Daughter takes trip down memory lane with new book
Author Connie McCracken’s new book, Nine Decades: Nine Lives - A Life in Pieces, explores the life of Maxwell “Curley” Curvin, a man local to the Peterborough area, with connections to the Haliburton Highlands.
Curvin, who was McCracken’s father, was born in 1918 in Peterborough, where he lived for 96 years, helping his father to establish a resort at Young’s Point.
“My father did a million different jobs to make a buck, some quite unique, and I tell people about them in several chapters … my favourite being ‘Diggin’ Skunks and Pickin’ Pigeons.’ But his main business of pinball machines, novelty games, jukeboxes, and background music actually started at the resort when his dad brought a (one-arm bandit) slot machine home from a business trip to Montreal and they placed them in different tourist locations for their clientele to use,” McCracken said in an email to County Life.
He also had a hunt camp on Eels Lake Road and on Bryan’s Road near Gooderham, which McCracken said are in the book. The family vacationed at Linkert’s resort in Wilberforce for years.
“The book about my father was actually started as a novel, not just a biography so that all could enjoy his funny and unique stories. It has history for all of Ontario and something for young and old to enjoy,” she said. Although it’s based in reality, because Curley isn’t here to verify all the details, McCracken said it’s a fictionalized account.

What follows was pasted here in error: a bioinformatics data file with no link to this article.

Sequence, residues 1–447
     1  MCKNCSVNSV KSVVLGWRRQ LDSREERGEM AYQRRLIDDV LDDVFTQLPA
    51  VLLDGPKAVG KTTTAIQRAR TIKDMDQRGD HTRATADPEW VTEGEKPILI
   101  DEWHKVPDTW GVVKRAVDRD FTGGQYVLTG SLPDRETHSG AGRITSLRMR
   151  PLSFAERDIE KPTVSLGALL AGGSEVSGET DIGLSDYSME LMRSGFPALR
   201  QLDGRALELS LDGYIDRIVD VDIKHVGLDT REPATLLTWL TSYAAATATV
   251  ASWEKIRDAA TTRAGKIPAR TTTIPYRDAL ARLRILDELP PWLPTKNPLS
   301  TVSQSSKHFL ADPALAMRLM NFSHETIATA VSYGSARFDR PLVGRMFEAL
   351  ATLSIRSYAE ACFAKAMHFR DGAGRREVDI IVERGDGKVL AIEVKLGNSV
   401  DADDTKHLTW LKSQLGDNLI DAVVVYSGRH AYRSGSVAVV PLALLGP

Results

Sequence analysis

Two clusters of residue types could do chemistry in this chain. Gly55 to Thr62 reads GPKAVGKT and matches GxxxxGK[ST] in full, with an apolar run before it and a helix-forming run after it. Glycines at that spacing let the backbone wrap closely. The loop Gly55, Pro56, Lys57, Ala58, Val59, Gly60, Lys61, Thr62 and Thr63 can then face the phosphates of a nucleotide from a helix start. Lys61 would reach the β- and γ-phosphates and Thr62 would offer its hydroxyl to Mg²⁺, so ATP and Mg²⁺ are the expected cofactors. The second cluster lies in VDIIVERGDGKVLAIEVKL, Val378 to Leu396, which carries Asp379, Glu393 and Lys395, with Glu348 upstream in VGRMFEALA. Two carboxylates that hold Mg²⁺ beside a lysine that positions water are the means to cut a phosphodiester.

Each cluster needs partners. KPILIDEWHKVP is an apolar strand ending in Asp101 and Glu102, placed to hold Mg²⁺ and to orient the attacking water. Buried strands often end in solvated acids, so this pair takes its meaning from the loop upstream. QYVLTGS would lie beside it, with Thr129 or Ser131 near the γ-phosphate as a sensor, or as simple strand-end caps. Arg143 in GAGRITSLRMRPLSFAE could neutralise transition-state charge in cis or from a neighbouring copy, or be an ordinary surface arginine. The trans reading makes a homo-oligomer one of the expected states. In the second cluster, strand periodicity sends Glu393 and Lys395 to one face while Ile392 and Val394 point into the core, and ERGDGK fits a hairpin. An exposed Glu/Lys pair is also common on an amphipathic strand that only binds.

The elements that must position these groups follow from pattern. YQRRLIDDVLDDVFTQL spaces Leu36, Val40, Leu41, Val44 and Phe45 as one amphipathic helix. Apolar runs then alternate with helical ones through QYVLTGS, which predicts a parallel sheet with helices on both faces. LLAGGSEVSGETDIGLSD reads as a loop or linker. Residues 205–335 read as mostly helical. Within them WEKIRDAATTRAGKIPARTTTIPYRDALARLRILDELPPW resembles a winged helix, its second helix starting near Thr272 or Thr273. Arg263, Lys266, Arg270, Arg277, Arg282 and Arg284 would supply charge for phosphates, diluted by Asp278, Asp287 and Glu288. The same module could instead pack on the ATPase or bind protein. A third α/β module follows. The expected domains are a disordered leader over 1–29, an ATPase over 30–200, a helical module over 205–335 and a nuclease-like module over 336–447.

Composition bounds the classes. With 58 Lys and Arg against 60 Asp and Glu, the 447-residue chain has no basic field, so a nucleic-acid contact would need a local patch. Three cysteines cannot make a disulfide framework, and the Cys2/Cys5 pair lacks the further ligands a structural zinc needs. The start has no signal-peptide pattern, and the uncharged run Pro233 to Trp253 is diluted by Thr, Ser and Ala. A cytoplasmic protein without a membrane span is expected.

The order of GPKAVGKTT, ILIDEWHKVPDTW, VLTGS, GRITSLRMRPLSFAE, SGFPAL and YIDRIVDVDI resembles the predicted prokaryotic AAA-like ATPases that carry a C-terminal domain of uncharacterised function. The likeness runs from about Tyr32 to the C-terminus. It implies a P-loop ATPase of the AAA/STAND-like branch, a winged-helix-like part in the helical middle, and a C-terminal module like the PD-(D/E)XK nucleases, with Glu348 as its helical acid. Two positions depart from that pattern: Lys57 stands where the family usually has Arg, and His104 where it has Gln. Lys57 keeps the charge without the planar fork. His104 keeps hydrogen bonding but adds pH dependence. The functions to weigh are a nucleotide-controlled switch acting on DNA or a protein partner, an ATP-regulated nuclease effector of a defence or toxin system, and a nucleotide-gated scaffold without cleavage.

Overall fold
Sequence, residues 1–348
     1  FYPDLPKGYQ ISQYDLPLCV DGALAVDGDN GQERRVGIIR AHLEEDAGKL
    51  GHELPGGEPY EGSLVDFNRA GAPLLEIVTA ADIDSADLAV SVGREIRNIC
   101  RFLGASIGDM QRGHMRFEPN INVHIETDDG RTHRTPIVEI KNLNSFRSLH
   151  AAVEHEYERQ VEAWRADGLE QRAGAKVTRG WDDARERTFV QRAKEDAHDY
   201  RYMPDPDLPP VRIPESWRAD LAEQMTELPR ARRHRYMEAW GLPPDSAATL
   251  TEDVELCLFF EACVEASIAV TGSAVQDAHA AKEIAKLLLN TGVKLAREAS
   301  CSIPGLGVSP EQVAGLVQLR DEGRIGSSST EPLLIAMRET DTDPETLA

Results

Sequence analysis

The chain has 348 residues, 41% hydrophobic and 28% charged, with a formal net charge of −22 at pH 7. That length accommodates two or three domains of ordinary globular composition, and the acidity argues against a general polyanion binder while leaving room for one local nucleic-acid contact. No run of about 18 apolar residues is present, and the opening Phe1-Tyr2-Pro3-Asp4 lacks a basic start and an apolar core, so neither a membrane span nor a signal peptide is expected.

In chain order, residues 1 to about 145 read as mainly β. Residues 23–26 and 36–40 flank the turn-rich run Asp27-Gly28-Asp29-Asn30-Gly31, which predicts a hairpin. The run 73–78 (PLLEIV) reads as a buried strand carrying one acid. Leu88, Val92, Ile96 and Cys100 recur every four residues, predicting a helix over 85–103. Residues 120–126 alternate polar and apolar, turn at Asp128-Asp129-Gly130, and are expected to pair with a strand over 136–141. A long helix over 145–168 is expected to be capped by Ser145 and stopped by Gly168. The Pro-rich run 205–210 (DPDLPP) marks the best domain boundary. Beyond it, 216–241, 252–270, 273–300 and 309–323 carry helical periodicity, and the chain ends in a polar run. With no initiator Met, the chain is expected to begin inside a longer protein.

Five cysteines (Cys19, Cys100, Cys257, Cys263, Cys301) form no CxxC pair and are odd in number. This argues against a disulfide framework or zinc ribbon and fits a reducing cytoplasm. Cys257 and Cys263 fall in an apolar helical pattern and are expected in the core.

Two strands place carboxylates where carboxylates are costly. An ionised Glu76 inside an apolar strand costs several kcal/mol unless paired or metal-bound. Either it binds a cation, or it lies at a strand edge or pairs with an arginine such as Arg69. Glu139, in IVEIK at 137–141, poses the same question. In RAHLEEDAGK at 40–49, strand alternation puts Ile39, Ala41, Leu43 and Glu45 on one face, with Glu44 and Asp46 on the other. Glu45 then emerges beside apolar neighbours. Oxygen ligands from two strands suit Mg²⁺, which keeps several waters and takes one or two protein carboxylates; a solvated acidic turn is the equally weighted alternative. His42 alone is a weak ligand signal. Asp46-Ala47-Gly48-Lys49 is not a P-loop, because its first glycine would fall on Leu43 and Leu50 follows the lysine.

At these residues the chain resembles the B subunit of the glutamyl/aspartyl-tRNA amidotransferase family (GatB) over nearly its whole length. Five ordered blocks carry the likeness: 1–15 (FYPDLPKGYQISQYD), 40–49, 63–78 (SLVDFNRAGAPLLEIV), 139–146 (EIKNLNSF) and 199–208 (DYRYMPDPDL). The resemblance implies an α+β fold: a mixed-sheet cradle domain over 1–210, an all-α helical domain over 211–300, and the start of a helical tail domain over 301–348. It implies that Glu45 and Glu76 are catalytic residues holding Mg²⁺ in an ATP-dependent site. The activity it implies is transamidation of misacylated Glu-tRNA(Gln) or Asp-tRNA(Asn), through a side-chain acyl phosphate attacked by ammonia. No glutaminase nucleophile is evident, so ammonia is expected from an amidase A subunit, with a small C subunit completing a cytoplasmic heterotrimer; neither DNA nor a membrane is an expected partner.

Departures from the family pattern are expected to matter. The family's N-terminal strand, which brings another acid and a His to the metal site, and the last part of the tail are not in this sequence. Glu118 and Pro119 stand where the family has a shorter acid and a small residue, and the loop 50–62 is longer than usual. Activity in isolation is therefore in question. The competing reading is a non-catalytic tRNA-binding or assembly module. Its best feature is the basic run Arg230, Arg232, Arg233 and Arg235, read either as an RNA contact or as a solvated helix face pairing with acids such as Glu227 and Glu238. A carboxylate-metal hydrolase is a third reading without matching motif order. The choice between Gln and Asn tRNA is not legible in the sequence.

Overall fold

“The book is very much about how times have changed, as Ed Arnold describes in the quote about the book. It goes from Model T Fords to my dad’s background business being fazed out because of new technology,” she said.
Ed Arnold, former managing editor of the Peterborough Examiner, is quoted in promotional materials for Nine Decades as saying: “People with ideas for books should take the time to write them, especially memoirs or nonfiction ones so history will be retained in a bound format: Connie McCracken has taken the time to do this in a book about her father, Maxwell Curvin, best known among local people as ‘Curley.’ She tells the story through his eyes in an imaginative, raw, down to earth format that not only includes his story but of the people and places around us which will bring back many memories for those who lived those times. Connie has done an admirable job of gathering, researching and putting forth the information for Peterborough and area readers to enjoy while giving younger people a peek into the picture of past lives and a reminder to all of us how times have changed, oh, how times have changed.”
Maxwell “Curley” Curvin lived through the Depression and gained skills in reusing and recycling, fixing things and finding ways to feed his fam ily, even during financial hard times, McCracken said. Sometimes that meant hunting and fishing to put a meal on the table.
“We would laugh that I would say ‘I didn’t even know what beef was until I was a teenager,’” she said.
McCracken is also the author of a children’s book called Indigo Boy and Crystalline Girl.
Nine Decades: Nine Lives - A Life in Pieces is being released on Amazon Kindle as an ebook on Sept. 5 with a softcover launch on Oct. 5 at Ricky’s All Day Grill at 898 Monaghan Rd., Peterborough from 2 to 4 p.m. You can read more at conniemccracken.com/book.